Emotionally Preparing for the Transition to Campus

10 ways to cope with excitement, anxiety, and everything in between.


©2020_John Ulan

As we prepare to begin campus life with more in-person classes and services, it’s reasonable to anticipate feeling a wide range of emotions, from excitement to anxiety. We will all respond differently to coming to campus, and that’s okay! There is no one right or “normal” response. Counselling & Clinical Services put together a resource guide to preparing for coming to campus and coping with various reactions. I've pulled out ten of the suggestions I found most useful. For more information, I recommend reading through the entire document! 

Remember to practice being realistic

Take a minute to stop and ask yourself, “what are my greatest fears or worries about returning to campus, and what do I foresee to be my biggest challenges?” Sometimes we worry about things that are not realistic or probable. To better examine how rational our fears and worries are, we can ask ourselves the following questions:

  • What is the evidence that supports my prediction? What is the evidence against my prediction?
  • On a scale of 0% to 100%, how likely is it that my worry will come true?
  • What is most likely to happen?

Once we ask ourselves these questions, we can identify a more balanced thought process.

Look forward with excitement

What is going to be exciting or positive about your return to campus? What are you looking forward to that you have missed? What good will you gain in your life by returning? What did you learn from the pandemic that you want to continue doing?

Adjust your routines

The past year has challenged many of our typical routines and daily life activities. In order to adapt and cope with COVID-19, we have had to forgo some of our usual routines, and accept a great deal of constant change and uncertainty in many parts of our lives. For many, the foundational health practices of sleep, eating, physical activity, and recuperation, have become disrupted, uneven, and out of sync. It’s an understandable and almost inevitable change, so don’t stress out too much if, for you, healthy habits have slid! Preparing to return means patiently rebuilding and revitalizing many of those former routines.

Anticipate struggles

Throughout the last 18 months, we have been encouraged to stay away from people and remain inside to be safe; as creatures of habit, we have adjusted to this life of isolation, no matter how difficult it may have been. Now we face a new challenge: returning to a social world. Getting back into a social world may cause you to feel overwhelmed, even for those who consider themselves extroverts. Your senses may feel overloaded as you take in all of the sensory input you haven’t experienced over the past few months. It is important to be gentle with yourself and others as we all adjust to these re-introduced social cues and new sensory input.

Own the awkwardness

Expect that there will be some discomfort and awkwardness, not just for you, but for everyone around you. Acknowledging the awkward is helpful to reduce tension, and naming it can help take its power away in that moment.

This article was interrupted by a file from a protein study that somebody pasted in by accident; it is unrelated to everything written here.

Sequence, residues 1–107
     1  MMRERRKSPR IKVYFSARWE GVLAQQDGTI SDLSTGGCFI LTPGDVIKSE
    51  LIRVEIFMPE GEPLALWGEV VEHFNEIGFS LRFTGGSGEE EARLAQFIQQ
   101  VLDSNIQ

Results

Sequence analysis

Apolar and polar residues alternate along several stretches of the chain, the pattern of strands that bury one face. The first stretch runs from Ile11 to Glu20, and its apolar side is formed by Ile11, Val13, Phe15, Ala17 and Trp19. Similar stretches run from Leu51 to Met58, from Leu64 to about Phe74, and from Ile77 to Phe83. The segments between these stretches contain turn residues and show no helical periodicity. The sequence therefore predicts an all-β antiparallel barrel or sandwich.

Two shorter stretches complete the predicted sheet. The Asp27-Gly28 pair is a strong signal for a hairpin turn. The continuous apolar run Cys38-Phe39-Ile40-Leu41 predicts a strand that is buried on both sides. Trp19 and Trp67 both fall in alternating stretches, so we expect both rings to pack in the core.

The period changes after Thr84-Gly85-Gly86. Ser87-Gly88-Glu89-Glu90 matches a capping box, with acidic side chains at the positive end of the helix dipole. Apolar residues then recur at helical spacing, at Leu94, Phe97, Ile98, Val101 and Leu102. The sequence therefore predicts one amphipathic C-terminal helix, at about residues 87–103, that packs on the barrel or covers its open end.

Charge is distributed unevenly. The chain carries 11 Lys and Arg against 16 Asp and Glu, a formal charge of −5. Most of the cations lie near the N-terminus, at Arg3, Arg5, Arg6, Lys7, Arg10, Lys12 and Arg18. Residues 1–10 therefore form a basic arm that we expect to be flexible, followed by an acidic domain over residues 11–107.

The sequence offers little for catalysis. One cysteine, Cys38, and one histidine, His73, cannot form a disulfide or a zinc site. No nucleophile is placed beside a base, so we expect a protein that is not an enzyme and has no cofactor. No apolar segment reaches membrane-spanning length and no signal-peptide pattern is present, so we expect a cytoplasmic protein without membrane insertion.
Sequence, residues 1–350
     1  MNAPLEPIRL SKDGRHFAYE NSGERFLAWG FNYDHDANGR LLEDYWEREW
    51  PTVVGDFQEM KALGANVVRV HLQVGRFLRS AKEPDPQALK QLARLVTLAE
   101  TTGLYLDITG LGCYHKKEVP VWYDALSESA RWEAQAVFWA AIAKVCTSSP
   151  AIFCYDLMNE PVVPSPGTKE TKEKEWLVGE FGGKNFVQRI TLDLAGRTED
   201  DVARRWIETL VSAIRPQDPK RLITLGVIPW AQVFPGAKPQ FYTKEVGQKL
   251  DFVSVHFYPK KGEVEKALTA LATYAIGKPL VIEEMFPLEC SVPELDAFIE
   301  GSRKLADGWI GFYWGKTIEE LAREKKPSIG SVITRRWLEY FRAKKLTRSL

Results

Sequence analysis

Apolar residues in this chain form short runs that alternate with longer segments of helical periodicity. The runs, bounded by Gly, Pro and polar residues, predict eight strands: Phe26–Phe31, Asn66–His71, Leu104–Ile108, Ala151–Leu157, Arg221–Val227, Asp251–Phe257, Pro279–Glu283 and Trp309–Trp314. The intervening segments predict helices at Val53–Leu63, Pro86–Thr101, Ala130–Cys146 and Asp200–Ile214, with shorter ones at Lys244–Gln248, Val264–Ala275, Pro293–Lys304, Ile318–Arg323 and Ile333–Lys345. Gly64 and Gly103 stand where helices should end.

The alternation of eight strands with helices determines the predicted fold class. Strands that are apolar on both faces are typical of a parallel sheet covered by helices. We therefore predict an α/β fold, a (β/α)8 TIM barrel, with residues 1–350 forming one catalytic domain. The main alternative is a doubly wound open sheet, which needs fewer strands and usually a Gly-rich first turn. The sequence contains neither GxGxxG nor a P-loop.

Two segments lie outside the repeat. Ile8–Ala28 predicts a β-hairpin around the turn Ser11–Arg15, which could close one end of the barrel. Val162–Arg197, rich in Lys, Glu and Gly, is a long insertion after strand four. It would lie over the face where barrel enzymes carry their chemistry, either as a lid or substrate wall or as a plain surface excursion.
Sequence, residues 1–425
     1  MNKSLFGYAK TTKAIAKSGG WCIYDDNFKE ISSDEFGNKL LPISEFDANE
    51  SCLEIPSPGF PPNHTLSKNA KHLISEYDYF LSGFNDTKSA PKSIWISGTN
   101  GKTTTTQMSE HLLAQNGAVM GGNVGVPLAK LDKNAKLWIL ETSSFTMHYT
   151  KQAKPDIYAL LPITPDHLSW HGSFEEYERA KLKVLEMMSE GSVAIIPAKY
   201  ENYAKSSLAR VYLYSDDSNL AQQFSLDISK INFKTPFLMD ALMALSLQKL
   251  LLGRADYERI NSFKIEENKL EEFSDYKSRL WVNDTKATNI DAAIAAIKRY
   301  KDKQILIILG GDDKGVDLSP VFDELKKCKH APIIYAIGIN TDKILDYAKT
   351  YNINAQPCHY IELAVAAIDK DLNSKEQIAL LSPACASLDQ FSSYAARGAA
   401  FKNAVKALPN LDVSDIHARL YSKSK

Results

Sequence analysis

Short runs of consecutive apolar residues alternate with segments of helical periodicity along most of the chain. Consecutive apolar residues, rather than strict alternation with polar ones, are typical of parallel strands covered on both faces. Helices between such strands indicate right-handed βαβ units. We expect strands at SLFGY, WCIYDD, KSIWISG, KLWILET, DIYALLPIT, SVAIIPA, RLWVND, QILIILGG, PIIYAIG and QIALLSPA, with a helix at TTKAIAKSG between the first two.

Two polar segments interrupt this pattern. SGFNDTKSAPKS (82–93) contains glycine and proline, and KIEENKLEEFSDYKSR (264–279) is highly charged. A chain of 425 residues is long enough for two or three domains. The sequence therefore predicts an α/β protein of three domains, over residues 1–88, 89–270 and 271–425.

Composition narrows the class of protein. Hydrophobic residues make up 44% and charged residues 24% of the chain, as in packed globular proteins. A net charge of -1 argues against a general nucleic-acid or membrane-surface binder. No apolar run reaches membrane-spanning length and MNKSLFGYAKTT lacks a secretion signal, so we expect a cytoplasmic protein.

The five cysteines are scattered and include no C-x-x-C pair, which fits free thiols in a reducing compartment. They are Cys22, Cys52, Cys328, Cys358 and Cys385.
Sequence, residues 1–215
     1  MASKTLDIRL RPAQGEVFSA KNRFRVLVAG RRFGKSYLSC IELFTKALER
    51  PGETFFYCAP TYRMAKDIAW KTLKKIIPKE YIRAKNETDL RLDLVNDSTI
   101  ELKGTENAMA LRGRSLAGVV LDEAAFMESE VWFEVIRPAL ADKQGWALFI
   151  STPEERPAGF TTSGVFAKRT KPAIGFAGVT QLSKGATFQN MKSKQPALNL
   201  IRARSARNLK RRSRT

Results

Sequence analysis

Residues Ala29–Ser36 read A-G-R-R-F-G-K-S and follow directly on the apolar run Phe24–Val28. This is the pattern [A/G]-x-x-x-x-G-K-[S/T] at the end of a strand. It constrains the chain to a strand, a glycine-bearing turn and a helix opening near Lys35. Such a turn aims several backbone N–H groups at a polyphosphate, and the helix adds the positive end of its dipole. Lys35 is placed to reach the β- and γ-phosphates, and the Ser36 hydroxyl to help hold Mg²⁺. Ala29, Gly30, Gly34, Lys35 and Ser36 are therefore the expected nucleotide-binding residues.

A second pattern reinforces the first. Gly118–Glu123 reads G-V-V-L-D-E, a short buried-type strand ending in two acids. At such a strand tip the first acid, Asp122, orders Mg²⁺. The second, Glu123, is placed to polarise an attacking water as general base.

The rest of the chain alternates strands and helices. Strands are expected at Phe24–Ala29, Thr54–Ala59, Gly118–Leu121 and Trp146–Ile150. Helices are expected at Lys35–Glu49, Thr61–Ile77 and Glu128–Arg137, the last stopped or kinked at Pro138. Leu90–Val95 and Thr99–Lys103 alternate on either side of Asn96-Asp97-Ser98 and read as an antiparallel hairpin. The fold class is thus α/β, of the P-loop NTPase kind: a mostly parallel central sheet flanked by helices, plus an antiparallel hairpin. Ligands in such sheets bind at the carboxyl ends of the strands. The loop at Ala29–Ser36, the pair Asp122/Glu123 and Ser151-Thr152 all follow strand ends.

Respect boundaries

As people become comfortable with their own social boundaries, you may potentially experience micro-rejections throughout the day. This may look like people moving further away from you, or not wanting to hug or high-five.

Listen and respond to distress

To help with distress in the moment, pay attention to triggers and warning signs, try to not avoid your emotions, accept that the distress is present, and respond by having ways to gently reduce or cope with it.

Approach, don't avoid

Like all of our emotions, anxiety has an adaptive value and is meant to keep us safe and protected from danger. However, continued avoidance and isolation from others as restrictions ease may only reinforce anxiety that may no longer be necessary. One of the most effective treatments for many forms of anxiety is regular, gradual exposure to our feared object. Using approach skills (rather than avoidance) allows us to face our fears, re-evaluate predicted outcomes with actual outcomes, and gain skills along the way. When we take small steps rather than go all in, it can be a better way to tolerate distress and increase our chance for success. For instance, if you have fears about leaving the house, make a point each day to leave, even if it’s a walk around the block for 15 mins. With each small step towards approaching your anxiety, make sure to acknowledge your efforts, give yourself a pat on the back, and accommodate the new learnings.

Protect yourself and others

Vaccines are the best way to protect yourself and all members of your community. Vaccines are available at no cost both on and off campus. Vaccines have been shown to prevent serious illness and reduce coronavirus transmission. (And starting September 1, the U of A will require all those coming to campus to be fully vaccinated or undergo regular rapid testing.)

Be aware of misinformation

As you continue to make decisions about your health and safety, assess the source of the information you are viewing or hearing, examine the supporting evidence, consider any personal biases (we all have them) that may have drawn your attention to this information and seek out factual information.

If you are struggling, please reach out to Counselling and Clinical Services for help. There is no shame in asking for help during this stressful time. Likewise, you can register for a Refresh! Restart! Coming Back to Campus in the Context of COVID workshop—they are being offered throughout the fall.